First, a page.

Second avatar was in the form of Tortoise (reptiles).

In geology also first reptiles comes as second important evolution which originated in Mississippian period just after Amphibians.

Varaha

Third avatar was in the form of Boar.

Evolution of the amphibian to the land animal.

Narasimha

The Man-Lion (Nara= man, simha=lion) was the fourth avatar.

But in geology no such evidences are mentioned. It may have been related with Ape Man The term may sometimes refer to extinct early human ancestors, such as the undiscovered missing link between apes and humans.

Vamana

Fifth Avatar is the dwarf man.

It may be related with the first man originated during Pliocene. It may be related with Neanderthals. Neanderthals were generally only 12 to 14 cm (4½–5½ in) shorter than modern humans, contrary to a common view of them as “very short” or “just over 5 feet”.

Parashurama,

The man with an axe was the sixth avatar.

It has the similarities with the first modern man originated during the Quaternary period or the man of Iron Age.

Hindu Creationism

According to Hindu creationism all species on earth including humans have “devolved” or come down from a highly state of pure consciousness. Hindu creationists claim that species of plants and animals are material forms adopted by pure consciousness which live an endless cycle of births and rebirths.[11] Ronald Numbers says that: “Hindu Creationists have insisted on the antiquity of humans, who they believe appeared fully formed as long, perhaps, as trillions of years ago.”[12] Hindu creationism is a form of old earth creationism, according to Hindu creationists the universe may even be older than billions of years. These views are based on the Vedas which depict an extreme antiquity of the universe and history of the earth.[13][14]

The Thiruvasakam, written by Appar in 8th Cent. AD, speaks about evolution. The descent of man is chronicled by and large along modern evolutionary order. It furthermore concludes that humankind is the most evolved animal.

Vanaras

http://upload.wikimedia.org/wikipedia/commons/thumb/0/0f/Hanuman_in_Terra_Cotta.jpg/220px-Hanuman_in_Terra_Cotta.jpg

Sculpture of Hanuman, a king among the Vanara, carrying the Dronagiri mountain

The Sanskrit writings of India mention creatures with apelike bodies and humanlike intelligence.[15] The Ramayana speaks of the Vanaras, a species of an apelike army of men that existed millions of years ago. According to the Ramayana alongside these ape-men existed modern humans.[16] Thus according to these ancient writings the status was a state of coexistence for certain durations which is very consistent with Darwinian evolution.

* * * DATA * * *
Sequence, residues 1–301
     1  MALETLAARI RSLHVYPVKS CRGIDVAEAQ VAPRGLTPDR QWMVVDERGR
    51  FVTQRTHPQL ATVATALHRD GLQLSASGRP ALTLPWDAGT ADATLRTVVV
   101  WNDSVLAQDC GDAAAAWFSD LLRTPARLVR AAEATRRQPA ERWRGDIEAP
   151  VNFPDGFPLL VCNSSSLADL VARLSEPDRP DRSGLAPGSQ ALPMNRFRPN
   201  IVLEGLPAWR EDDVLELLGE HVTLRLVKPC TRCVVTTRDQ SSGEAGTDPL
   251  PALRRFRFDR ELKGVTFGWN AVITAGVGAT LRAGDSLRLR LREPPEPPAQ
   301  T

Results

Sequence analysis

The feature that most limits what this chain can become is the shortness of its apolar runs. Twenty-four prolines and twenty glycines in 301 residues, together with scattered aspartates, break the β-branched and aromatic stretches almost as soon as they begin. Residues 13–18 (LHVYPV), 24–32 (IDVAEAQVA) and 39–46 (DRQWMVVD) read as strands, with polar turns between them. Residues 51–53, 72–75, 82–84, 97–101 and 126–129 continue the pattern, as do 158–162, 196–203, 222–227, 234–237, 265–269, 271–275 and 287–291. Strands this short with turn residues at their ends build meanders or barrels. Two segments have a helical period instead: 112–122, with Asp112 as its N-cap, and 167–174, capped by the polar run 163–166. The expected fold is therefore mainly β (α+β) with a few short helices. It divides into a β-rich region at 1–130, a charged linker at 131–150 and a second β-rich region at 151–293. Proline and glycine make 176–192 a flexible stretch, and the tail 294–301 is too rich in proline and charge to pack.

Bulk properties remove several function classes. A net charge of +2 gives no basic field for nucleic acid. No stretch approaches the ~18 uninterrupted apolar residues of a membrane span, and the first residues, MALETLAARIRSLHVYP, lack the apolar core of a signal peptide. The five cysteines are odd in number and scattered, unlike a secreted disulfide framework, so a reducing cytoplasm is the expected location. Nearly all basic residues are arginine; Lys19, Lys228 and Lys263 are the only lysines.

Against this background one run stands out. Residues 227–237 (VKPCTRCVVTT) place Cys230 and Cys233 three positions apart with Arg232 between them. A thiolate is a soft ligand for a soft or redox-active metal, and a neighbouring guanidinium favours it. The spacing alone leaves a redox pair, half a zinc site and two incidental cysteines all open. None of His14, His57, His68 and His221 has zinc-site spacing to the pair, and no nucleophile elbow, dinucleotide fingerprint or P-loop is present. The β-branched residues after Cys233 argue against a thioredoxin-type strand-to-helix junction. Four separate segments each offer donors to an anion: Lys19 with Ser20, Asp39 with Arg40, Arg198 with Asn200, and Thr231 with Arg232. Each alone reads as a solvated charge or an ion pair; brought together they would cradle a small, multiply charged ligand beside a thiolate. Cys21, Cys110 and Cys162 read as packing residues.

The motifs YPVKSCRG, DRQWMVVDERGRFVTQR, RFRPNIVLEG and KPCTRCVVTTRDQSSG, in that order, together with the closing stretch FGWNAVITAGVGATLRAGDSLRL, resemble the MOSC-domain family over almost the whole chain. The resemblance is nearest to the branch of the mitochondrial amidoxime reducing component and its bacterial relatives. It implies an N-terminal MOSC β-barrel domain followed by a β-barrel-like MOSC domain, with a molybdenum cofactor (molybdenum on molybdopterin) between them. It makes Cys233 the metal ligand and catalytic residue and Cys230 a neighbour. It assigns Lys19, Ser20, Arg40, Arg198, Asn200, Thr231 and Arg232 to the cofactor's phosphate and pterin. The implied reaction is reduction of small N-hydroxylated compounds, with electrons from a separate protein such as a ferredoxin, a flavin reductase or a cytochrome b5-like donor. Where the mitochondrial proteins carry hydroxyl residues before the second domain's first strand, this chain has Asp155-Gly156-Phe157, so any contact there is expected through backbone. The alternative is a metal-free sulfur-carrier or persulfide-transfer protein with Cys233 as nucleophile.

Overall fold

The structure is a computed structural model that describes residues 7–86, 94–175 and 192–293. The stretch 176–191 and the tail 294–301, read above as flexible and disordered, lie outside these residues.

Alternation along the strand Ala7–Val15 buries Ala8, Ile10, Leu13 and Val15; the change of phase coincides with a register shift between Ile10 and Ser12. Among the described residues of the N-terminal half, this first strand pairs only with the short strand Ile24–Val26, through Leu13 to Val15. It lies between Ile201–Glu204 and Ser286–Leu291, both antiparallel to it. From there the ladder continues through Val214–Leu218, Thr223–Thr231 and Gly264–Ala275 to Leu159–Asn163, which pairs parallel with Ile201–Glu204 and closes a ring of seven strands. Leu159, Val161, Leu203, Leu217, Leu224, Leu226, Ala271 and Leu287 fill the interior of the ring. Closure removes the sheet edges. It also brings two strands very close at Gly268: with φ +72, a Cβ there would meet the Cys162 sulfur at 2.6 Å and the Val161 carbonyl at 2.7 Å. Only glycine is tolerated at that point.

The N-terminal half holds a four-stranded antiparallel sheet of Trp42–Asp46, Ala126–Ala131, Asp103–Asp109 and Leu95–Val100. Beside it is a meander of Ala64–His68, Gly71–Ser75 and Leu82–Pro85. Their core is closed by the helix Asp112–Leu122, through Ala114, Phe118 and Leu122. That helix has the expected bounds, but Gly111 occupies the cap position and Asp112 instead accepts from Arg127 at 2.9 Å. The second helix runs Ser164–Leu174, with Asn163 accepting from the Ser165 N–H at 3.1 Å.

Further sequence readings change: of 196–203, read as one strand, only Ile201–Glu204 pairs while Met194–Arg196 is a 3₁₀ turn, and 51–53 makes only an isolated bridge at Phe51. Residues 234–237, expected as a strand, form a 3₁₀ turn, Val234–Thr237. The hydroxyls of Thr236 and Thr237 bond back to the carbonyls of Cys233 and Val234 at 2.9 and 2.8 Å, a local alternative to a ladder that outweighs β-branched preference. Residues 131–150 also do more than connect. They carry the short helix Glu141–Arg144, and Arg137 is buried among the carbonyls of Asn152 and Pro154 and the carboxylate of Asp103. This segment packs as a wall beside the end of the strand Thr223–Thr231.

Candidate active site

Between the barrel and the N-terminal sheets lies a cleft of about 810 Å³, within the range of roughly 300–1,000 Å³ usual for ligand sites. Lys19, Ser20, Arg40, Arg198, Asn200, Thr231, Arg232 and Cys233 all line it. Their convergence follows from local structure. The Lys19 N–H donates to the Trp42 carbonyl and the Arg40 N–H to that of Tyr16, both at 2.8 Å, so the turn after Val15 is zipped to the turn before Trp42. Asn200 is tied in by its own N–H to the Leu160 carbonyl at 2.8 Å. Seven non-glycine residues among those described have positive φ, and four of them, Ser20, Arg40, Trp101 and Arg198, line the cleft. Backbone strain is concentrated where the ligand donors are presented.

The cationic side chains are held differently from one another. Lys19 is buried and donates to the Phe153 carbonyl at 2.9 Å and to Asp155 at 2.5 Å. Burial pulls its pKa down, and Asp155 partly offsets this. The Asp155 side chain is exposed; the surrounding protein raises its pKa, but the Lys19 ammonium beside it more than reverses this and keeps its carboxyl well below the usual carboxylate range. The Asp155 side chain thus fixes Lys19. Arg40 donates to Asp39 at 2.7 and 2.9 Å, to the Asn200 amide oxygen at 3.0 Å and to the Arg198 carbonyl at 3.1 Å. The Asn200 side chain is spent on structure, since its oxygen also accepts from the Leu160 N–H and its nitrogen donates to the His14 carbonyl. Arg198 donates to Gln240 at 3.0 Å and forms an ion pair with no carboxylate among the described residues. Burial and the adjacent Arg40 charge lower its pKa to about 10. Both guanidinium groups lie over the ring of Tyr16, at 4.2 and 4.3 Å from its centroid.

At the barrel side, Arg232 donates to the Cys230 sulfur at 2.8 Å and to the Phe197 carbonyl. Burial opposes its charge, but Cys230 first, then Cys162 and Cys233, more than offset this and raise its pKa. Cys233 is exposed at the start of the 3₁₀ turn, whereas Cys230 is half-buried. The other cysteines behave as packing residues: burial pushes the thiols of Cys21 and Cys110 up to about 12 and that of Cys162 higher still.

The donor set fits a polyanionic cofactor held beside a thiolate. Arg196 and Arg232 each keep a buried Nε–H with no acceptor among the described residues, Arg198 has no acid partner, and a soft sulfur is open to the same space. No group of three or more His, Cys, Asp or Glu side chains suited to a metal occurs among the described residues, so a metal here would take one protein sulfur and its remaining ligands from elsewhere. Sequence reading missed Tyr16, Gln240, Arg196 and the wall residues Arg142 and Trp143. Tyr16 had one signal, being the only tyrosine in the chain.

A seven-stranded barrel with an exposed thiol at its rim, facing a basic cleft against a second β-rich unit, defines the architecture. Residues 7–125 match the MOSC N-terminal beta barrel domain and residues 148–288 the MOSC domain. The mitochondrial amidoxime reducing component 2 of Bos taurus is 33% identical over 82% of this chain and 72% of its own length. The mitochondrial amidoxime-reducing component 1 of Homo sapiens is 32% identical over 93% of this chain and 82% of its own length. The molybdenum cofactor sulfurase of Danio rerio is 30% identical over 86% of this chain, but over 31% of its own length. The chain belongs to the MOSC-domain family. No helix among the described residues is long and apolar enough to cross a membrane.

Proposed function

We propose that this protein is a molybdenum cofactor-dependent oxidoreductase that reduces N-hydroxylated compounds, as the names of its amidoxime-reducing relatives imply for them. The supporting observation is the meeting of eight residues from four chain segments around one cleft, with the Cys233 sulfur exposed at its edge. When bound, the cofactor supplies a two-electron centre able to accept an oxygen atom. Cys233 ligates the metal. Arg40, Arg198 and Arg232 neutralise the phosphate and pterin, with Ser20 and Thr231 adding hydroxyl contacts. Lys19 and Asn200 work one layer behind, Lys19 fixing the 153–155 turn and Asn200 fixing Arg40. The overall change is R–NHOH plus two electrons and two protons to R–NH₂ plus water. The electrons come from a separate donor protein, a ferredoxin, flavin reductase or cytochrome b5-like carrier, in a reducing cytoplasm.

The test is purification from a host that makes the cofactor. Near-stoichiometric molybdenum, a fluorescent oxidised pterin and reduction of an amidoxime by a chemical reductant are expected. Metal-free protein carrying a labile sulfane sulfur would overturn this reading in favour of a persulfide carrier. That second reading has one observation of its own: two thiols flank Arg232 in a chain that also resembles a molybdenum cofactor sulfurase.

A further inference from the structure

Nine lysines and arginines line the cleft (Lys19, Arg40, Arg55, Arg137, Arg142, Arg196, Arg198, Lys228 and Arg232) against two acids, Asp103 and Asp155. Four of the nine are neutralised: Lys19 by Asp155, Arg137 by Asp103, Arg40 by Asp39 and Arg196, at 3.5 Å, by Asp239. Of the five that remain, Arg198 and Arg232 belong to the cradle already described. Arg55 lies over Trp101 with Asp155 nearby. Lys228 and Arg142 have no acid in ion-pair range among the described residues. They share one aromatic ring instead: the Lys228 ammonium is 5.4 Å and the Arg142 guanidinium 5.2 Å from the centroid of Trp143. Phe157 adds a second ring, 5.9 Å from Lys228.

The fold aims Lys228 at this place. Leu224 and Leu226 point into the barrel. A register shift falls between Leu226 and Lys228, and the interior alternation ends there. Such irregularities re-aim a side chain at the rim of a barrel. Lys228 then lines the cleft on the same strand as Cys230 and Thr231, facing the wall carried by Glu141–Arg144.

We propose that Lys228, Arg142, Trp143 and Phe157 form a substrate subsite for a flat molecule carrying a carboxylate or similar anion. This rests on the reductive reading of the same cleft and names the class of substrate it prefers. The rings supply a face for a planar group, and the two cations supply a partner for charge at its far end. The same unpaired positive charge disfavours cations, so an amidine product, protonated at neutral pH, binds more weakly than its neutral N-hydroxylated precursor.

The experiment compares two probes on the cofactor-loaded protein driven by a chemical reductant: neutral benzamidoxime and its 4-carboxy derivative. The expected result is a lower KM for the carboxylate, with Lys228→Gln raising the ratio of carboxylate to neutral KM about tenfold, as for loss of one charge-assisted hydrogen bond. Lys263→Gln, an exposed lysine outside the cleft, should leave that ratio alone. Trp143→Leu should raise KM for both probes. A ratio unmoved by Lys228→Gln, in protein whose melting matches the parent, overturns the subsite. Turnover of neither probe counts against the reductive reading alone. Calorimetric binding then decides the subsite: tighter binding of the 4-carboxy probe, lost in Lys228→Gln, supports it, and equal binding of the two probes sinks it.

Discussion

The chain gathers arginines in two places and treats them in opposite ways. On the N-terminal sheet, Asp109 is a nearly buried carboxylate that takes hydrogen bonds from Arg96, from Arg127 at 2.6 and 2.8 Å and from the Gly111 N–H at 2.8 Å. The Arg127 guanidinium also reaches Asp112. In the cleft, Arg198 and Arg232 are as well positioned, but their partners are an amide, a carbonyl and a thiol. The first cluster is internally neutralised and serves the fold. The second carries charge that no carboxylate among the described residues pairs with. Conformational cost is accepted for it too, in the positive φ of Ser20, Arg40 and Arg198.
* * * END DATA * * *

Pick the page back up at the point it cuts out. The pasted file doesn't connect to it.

ISKCON and evolution

Members of the International Society for Krishna Consciousness (ISKCON) have expressed their belief that Charles Darwin’s theory of evolution by natural selection is false, but do not necessarily reject evolution altogether. The views of the founder of ISKCON, A.C. Bhaktivedanta Swami Prabhupada, on Darwin and evolution are found in his book Life comes from life.[17][18]

Devolution

International Society for Krishna Consciousness (ISKCON) take a literal reading of Puranas which teach that time and space are cyclical, and that the earth goes through a cyclic model of yugas that says that life on earth devolves through four stages, or cosmic epochs, with each one becoming increasingly dark, alienated than the previous.[19][20][21]

History therefore to ISKCON is a succession of four epics called yugas, the first being the best a Golden age, then devolving to the present degenerate age, the Kali Yuga. After the Kali Yuga, the process repeats itself, with the earth entering a stage of sleep and then being reborn.[22] According to the teachings of ISKCON the current age we are now in, which began approximately 5000 years ago, is called Kali yuga. Kali-yuga is a 432000 year-long devolution, a stage of degeneration on earth and for the human being.[23]

ISKCON also teach another process of devolution. Michael Cremo defines this process of devolution as “The process by which conscious selves descend to the realm of the material energy, and are placed in material bodily vehicles.”[24] Cremo proposes that human beings have not evolved from other animals, but they have devolved down from a spiritual world.[25] This process of devolution is routed is the Hindu teaching of Sat Desh, (translated “True Home”) which teaches that a spiritual homeland exists eternally which is the location where spirits dwell before they enter material bodies on earth.[26]

According to the Vedic texts the remedy to free oneself from the evil of devolution, is to cast off materialism, and realize one’s real spiritual nature, which is that of Sat Desh, the homeland of spirits.[27] Vishal Mangalwadi describes Sat Desh as “The highest region, made purely of spirit substance and inhabited by pure spirits — pure because they are uncontaminated by matter or mind. There are countless spirits and they enjoy the greatest conceivable happiness”.[28]

Cremo is a member of ISKCON and the author of Human Devolution: A Vedic alternative to Darwin’s theory, published by ISKCON’s Bhaktivedanta Book Publishing,[29] which holds that man has existed on the earth in modern form far longer than that offered by the currently accepted fossil evidence and genetic evidence. Cremo suggests that Darwinian evolution should be replaced with “devolution” from the original unity with Brahman. His books have been met with considerable skepticism by the scientific community which charges that Cremo’s theories are pseudoscience.[30][31] Author Meera Nanda has dubbed these beliefs a form of “Vedic creationism.”[32]